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Daytona Beach


Engineering Fundamentals

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Background Students conducting peer review on authentic artifacts require training. In the training studied here, individual students reviewed (score and provide feedback on) a randomly selected prototypical solution to a problem. Afterwards, they are shown a side-by-side comparison of their review and an expert’s review, along with prompts to reflect on the differences and similarities. Individuals were then assigned a peer team’s solution to review.

Purpose This paper explores how the characteristics of five different prototypical solutions used in training (and their associated expert evaluations) impacted students’ abilities to score peer teams’ solutions.

Design/Method An expert rater scored the prototypical solutions and 147 student teams’ solutions that were peer reviewed using an eight item rubric. Differences between the scores assigned by the expert and a student to a prototypical solution and an actual team solution were used to compute a measure of the student’s improvement as a peer reviewer from training to actual peer review. ANOVA testing with Tukey’s post-hoc analysis was done to identify statistical differences in improvement based on the prototypical solutions students saw during the training phase.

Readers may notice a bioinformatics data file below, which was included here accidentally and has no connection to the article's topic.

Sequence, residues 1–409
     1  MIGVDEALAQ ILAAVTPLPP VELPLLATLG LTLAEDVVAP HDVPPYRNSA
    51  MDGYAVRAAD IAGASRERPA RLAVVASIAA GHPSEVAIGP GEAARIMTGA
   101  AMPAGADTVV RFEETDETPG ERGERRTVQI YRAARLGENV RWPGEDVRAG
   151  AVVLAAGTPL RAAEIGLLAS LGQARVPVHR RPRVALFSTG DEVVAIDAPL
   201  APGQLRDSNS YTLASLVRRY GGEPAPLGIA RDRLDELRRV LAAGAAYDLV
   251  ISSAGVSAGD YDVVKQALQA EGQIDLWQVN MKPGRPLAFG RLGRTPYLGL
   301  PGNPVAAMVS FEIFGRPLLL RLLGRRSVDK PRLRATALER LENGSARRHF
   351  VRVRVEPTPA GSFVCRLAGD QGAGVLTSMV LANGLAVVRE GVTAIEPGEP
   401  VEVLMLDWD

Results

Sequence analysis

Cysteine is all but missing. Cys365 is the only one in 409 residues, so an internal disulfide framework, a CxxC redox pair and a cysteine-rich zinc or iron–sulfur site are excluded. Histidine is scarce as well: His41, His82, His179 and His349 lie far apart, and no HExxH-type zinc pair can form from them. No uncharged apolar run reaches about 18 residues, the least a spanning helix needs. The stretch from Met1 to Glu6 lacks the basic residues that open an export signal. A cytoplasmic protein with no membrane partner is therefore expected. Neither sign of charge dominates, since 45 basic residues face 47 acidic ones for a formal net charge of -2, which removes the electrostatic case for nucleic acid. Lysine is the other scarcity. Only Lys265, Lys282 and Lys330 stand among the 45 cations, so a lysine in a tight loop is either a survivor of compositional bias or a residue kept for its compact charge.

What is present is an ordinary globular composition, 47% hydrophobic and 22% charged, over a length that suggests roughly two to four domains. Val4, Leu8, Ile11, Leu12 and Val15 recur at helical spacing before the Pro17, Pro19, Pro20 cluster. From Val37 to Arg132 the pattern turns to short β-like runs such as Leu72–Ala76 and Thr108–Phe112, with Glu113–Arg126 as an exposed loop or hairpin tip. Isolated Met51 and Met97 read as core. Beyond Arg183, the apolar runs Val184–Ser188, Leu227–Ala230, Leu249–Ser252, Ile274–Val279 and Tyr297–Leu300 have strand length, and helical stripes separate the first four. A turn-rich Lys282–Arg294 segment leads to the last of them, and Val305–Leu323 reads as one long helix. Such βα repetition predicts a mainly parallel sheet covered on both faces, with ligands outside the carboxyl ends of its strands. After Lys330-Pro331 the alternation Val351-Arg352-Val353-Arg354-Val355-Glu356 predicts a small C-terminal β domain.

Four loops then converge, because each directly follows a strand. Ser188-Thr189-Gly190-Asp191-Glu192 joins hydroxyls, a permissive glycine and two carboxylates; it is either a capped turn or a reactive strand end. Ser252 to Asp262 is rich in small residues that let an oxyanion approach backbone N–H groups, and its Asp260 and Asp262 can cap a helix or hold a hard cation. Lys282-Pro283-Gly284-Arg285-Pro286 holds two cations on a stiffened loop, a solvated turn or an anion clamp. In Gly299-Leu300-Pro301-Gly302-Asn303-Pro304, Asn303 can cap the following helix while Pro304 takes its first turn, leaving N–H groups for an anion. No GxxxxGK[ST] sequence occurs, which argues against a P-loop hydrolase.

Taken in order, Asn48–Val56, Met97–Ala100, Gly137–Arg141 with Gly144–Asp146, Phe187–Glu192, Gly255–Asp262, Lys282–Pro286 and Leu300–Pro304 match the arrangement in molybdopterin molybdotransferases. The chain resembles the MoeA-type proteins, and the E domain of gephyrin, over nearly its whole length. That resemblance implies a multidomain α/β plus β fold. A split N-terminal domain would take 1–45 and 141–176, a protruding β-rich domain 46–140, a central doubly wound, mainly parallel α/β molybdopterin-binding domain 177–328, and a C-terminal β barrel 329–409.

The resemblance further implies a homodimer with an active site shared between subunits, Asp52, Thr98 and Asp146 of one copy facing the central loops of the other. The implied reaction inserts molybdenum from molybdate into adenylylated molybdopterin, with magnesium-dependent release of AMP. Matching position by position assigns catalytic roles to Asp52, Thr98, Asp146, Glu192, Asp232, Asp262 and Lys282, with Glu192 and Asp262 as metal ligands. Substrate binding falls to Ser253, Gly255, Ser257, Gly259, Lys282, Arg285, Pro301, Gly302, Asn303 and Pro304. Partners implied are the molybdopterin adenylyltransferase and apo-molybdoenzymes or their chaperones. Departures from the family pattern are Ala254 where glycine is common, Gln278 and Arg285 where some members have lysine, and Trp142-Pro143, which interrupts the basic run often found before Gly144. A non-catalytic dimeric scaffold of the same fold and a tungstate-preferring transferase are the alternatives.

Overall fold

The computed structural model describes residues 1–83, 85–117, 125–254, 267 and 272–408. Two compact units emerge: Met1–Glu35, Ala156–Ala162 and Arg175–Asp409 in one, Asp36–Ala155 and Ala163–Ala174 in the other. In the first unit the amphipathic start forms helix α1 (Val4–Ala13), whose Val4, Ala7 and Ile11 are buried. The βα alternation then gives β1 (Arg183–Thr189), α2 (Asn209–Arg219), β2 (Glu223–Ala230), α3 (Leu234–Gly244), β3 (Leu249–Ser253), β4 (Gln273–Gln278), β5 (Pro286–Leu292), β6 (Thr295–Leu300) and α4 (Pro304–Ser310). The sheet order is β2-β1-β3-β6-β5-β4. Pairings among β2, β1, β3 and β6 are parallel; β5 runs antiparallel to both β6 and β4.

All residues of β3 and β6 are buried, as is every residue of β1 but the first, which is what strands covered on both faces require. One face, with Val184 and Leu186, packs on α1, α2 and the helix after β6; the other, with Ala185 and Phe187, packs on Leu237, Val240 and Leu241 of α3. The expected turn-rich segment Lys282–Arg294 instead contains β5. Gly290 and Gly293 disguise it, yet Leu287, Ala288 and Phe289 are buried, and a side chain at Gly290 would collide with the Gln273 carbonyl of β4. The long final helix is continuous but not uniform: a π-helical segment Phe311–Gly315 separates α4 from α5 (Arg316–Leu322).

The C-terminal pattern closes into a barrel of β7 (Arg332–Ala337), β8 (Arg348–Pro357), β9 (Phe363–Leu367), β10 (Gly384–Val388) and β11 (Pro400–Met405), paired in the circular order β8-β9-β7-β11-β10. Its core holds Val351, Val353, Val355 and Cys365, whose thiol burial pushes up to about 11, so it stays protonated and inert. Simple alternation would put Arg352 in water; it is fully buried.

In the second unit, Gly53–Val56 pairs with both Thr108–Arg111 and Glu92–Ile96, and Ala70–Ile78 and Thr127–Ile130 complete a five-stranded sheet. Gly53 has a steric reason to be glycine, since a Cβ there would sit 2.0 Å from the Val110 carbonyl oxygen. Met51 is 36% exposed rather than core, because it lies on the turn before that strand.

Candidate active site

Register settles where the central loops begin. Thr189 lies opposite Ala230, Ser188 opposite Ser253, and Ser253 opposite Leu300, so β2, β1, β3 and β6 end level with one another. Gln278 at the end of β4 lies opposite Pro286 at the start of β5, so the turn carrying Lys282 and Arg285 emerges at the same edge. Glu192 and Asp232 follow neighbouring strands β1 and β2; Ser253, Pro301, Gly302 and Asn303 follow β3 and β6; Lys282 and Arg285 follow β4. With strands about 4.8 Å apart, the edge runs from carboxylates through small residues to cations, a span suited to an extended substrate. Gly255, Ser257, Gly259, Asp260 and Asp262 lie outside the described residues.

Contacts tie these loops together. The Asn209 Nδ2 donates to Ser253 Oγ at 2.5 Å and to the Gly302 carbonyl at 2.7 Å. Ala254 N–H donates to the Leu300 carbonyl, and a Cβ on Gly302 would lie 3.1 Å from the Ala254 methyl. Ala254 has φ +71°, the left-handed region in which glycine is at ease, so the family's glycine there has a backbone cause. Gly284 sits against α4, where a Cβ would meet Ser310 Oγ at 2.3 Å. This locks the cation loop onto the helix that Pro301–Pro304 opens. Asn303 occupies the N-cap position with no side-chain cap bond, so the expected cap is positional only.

Results Statistically significant differences were found in the amount of error a student made during peer review between high and low quality prototypical solutions seen by students during training. Specifically, a lower quality training solution (and associated expert evaluation) resulted in more accurate scoring during peer review.

Conclusions While students typically ask to see exemplars of “good solutions”, this research suggests that there is likely greater value, for the purpose of preparing students to score peers’ solutions, in students seeing a low-quality solution and its corresponding expert review.

Publication Title

Journal of Engineering Education



Wiley-Blackwell Publishing Inc.

Grant or Award Name

National Science Foundation EEC 0835873 and EEC 1264005

Required Publisher’s Statement

This is the peer reviewed version of the following article: Verleger, M.A., Rodgers, K.J. and Diefes‐Dux, H.A. (2016), Selecting Effective Examples to Train Students for Peer Review of Open‐Ended Problem Solutions. J. Eng. Educ., 105: 585-604, which has been published in final form at This article may be used for non-commercial purposes in accordance with Wiley Terms and Conditions for Use of Self-Archived Versions.